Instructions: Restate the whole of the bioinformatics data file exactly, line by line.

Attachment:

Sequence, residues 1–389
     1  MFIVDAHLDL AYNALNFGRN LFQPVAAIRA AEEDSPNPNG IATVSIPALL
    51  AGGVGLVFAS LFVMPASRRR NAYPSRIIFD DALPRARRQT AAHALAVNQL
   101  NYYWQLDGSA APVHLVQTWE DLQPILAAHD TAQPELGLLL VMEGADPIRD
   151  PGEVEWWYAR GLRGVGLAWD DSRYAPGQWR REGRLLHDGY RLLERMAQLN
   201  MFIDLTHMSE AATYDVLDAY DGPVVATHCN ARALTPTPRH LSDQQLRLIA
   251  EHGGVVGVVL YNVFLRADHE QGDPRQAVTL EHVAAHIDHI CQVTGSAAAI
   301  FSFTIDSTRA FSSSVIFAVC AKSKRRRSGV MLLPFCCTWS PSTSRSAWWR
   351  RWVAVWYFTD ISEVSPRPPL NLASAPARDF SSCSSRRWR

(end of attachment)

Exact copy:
Sequence, residues 1–389
     1  MFIVDAHLDL AYNALNFGRN LFQPVAAIRA AEEDSPNPNG IATVSIPALL
    51  AGGVGLVFAS LFVMPASRRR NAYPSRIIFD DALPRARRQT AAHALAVNQL
   101  NYYWQLDGSA APVHLVQTWE DLQPILAAHD TAQPELGLLL VMEGADPIRD
   151  PGEVEWWYAR GLRGVGLAWD DSRYAPGQWR REGRLLHDGY RLLERMAQLN
   201  MFIDLTHMSE AATYDVLDAY DGPVVATHCN ARALTPTPRH LSDQQLRLIA
   251  EHGGVVGVVL YNVFLRADHE QGDPRQAVTL EHVAAHIDHI CQVTGSAAAI
   301  FSFTIDSTRA FSSSVIFAVC AKSKRRRSGV MLLPFCCTWS PSTSRSAWWR
   351  RWVAVWYFTD ISEVSPRPPL NLASAPARDF SSCSSRRWR